In this new printing of a major classic in American historiography, Louis Filler provides a sense of the person behind the book, the background that enabled Beard to move well beyond the shibboleths of the second decade of the twentieth century. While the controversies over Beard's book have quieted, the issues which it raised have hardly abated. Indeed, one can say that just about every major work in the politics and economics of the American nation must contend with Beard's classic work. Beard's work rests on an examination of primary documents: land and slave owners, geographic distribution of money, ownership of public securities, the specific condition of those who were disenfranchised as well as those who were in charge of the nascent American economy.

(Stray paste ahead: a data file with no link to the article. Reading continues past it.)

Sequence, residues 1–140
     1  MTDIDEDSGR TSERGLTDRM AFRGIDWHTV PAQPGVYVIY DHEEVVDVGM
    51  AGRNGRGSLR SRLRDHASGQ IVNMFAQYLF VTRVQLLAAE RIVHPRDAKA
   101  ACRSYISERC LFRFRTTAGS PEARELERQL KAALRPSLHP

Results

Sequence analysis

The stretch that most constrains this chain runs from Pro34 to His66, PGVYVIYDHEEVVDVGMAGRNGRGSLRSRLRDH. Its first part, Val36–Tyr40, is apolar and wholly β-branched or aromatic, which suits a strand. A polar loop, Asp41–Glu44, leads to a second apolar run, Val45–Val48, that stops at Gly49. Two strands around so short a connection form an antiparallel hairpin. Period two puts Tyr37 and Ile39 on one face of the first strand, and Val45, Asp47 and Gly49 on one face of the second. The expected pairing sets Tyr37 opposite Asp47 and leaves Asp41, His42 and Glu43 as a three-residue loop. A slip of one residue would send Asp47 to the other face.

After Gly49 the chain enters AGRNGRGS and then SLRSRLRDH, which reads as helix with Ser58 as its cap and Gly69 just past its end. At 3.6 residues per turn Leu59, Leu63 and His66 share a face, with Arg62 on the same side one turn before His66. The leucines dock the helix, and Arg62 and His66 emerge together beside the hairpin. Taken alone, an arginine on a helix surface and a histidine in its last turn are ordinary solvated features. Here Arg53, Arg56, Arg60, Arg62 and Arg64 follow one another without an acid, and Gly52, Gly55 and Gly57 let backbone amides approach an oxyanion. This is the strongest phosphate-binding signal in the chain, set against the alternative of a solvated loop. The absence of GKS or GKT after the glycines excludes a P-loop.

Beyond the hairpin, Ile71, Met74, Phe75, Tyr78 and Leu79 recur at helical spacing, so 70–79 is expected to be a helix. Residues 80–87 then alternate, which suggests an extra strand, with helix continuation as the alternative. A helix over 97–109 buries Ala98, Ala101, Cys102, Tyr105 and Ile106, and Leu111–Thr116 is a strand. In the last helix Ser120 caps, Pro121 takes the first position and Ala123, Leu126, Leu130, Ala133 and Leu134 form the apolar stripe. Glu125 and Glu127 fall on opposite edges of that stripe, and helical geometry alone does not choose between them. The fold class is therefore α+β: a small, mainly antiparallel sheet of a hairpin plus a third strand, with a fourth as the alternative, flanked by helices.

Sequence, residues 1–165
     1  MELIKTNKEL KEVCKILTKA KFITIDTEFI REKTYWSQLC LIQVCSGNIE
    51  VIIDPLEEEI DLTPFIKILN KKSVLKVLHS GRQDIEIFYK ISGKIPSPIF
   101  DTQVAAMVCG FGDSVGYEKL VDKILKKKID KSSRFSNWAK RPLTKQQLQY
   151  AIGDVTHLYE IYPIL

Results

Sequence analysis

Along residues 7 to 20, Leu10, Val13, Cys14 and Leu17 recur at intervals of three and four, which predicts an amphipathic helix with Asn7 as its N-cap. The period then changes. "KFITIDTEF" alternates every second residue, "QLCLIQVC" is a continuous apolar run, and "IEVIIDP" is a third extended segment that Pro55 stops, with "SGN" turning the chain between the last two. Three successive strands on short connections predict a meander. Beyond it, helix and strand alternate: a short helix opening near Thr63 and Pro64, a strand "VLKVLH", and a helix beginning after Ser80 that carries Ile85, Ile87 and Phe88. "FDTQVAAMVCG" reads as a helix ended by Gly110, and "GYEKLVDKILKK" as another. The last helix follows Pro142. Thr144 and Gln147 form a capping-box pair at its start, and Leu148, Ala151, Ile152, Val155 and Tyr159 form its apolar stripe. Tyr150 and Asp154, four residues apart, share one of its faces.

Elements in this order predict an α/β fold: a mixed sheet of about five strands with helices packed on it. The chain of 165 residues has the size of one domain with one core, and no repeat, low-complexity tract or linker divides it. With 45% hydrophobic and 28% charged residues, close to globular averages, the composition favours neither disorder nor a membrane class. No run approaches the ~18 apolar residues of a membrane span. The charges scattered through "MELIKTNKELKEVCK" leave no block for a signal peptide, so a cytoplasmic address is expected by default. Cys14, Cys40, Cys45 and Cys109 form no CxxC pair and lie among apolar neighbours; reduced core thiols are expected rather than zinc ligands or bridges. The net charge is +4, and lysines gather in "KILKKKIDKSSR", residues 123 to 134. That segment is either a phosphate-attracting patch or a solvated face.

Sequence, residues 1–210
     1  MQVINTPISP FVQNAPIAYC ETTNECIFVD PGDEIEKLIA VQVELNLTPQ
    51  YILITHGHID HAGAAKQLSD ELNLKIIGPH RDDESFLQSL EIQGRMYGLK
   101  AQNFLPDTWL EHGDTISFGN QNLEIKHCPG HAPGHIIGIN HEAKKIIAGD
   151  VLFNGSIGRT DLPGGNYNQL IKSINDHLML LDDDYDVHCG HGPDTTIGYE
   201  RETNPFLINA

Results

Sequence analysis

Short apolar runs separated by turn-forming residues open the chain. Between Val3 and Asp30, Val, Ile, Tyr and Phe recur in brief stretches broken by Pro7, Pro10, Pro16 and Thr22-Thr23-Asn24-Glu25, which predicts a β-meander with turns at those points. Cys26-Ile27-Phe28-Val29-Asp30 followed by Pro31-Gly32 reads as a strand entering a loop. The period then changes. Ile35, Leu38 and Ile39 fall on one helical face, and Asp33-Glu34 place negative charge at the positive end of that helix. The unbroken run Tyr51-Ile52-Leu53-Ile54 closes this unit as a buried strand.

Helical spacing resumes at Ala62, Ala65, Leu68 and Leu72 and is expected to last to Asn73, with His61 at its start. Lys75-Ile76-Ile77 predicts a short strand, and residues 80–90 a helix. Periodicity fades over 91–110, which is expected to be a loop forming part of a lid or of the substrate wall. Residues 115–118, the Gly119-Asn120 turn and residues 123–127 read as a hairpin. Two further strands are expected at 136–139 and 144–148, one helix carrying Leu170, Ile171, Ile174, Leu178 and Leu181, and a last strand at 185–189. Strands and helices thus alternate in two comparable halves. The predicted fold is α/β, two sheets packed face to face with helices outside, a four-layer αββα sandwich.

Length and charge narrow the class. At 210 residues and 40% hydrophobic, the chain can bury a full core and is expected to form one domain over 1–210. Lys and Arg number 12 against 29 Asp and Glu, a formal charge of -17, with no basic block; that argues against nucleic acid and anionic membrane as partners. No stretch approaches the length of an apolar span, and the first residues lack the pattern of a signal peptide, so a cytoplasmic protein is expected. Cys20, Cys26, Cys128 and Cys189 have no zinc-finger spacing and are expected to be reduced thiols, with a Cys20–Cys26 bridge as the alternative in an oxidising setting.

"Here again is the original constitutional skeptic to remind Americans that our republic's authors had not only intellects but interests. Charles Beard set out to jolt his contemporaries out of their pious admiration of the constitution's framers. His economic interpretation remains a lively, surprisingly humorous and sharp-witted analysis of the nation's beginnings. Reading it today, the book aims a keen and pointed thrust at the originalism of our own age." -- Professor Eric Rauchway, University of California Davis Department of History "One hundred years after it first appeared, Charles Beard's An Economic Interpretation of the Constitution still commands our attention as a classic of historical scholarship -- not because every view Beard put forward has stood the test of time but because the questions he raised about the intersections of economic and political power are just as relevant today as when he wrote." -- Professor Eric Foner, Columbia University Department of History "This is the book that started us all on the journey to understanding the complex motives and conflicting interests that shaped our constitution. 100 years after its publication, it still has the power to excite and exasperate, to stir fierce debate and to inspire new interpretations." -- Carol Berkin, Presidential Professor of History, Emerita, Baruch College & The Graduate Center, CUNY